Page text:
• Imaging systems comprise a broad range of systems for diagnostic imaging in the dental practice. SIRO has developed a comprehensive range of imaging systems for 2D or 3D, panoramic and intra-oral applications that allow the dentist to accommodate the patient in a more efficient manner.
  • Treatment centers comprise a broad range of products from basic dentist chairs to sophisticated chair-based units with integrated diagnostic, hygiene and ergonomic functionalities, as well as specialist centers used in preventative treatment and for training purposes.
  • SIRO offers a wide range of instruments, including handheld and power-operated handpieces for cavity preparation, endodontics, periodontology and prophylaxis, which are regularly updated and improved.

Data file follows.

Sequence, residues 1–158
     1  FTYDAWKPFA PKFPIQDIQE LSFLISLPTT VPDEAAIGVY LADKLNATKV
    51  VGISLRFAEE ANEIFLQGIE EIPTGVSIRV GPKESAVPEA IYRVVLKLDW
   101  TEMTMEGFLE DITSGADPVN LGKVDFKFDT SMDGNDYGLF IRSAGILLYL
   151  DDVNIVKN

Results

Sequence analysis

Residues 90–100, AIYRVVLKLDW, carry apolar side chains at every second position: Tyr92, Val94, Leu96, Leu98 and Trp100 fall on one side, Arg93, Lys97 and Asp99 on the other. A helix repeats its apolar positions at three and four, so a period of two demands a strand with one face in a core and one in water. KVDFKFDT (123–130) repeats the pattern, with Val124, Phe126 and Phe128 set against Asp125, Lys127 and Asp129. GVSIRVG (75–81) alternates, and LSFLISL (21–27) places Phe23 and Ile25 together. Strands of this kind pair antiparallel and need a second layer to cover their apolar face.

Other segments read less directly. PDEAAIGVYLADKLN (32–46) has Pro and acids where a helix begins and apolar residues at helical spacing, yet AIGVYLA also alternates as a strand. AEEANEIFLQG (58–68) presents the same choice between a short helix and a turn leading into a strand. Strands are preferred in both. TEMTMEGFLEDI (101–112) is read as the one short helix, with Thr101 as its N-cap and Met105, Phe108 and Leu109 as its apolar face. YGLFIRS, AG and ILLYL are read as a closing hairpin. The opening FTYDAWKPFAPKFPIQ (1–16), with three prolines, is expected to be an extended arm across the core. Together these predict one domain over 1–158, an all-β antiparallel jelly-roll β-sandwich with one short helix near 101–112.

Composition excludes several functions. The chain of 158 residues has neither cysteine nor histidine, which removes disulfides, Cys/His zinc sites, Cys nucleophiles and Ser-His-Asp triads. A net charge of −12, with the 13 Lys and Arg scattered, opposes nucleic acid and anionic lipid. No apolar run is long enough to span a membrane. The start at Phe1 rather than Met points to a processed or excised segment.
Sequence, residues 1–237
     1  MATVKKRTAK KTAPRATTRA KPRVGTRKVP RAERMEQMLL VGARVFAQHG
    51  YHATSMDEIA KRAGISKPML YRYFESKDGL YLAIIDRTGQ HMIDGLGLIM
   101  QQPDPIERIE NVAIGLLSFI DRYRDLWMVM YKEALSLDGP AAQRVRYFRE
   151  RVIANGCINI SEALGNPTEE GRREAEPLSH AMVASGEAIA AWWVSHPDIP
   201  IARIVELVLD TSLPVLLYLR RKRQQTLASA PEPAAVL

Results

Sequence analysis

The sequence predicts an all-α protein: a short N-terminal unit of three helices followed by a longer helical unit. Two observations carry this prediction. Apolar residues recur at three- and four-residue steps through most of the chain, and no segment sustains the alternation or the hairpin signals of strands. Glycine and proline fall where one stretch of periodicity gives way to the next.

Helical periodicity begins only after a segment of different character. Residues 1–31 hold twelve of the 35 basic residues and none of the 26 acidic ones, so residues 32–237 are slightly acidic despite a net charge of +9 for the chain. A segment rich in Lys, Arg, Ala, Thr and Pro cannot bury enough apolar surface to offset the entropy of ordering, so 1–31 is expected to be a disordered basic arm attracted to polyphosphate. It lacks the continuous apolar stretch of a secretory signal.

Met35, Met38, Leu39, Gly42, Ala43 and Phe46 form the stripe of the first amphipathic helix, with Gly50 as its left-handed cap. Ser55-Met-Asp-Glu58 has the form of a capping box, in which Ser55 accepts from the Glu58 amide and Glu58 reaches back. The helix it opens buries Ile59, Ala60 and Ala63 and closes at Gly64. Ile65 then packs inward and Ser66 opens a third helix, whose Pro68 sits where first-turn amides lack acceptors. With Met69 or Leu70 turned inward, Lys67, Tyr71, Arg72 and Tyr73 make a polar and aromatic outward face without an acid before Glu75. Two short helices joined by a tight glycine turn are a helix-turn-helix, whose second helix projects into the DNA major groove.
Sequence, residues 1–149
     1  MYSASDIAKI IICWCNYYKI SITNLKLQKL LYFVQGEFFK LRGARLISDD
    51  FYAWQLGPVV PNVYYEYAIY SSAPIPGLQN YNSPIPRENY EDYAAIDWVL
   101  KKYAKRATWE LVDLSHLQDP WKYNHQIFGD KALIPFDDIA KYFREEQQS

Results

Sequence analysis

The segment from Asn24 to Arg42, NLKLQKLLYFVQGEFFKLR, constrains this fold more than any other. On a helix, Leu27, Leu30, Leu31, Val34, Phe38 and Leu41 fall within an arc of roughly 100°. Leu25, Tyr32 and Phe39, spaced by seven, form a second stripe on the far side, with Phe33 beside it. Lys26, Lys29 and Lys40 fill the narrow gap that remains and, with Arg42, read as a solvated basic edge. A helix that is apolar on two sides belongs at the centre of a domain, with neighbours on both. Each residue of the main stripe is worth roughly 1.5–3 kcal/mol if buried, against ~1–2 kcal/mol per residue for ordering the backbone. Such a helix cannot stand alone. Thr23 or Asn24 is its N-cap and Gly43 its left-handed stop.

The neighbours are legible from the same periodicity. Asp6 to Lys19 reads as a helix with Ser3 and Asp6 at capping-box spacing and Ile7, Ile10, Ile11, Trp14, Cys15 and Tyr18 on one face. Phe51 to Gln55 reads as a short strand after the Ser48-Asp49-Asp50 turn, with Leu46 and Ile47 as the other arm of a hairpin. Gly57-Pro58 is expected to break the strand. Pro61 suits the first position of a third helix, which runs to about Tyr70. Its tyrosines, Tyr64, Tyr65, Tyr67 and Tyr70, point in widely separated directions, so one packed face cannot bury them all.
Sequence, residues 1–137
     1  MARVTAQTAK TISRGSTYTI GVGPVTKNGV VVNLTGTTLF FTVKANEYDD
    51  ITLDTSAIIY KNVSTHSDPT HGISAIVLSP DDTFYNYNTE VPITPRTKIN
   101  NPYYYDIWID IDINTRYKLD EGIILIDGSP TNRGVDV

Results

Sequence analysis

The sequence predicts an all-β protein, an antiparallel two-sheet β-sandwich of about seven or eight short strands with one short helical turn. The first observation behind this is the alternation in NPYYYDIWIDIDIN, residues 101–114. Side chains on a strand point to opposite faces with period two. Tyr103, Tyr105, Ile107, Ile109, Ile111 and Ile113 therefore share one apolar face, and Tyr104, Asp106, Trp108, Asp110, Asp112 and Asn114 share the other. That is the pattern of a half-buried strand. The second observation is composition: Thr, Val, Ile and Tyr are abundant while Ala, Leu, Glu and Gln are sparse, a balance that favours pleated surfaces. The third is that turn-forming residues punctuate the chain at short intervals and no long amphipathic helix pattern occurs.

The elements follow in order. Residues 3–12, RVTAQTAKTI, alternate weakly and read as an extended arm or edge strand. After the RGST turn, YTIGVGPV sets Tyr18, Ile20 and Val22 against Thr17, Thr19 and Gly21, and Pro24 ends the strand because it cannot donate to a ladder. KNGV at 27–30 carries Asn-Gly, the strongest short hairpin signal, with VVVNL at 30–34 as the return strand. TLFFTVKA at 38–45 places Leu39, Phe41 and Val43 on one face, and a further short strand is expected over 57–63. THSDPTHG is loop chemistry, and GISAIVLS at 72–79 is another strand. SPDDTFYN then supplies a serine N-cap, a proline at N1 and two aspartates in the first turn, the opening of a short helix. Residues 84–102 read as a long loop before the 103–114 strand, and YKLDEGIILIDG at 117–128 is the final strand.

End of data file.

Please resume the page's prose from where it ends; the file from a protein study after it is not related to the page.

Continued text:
The graph below shows the historical segment & geographical revenue split and the historical operating margin.

click to enlargeSIRO Revenue Split & Op Margins

The growth in operating results is impressive, as is their balance sheet and cashflow. The issue is one of valuation with SIRO trading around 26 times this year’s earnings and about 20 times next year’s projected earnings. However, despite SIRO having some major competitors, they are growing their highest margin segments impressively and, in the vein of Peter Lynch’s philosophy of investing in what you know, I shall be putting SIRO on my watch list to keep an eye on them whilst I do some more research (the most obvious of which is seeing how my crown gets on!!) and wait for a better entry point.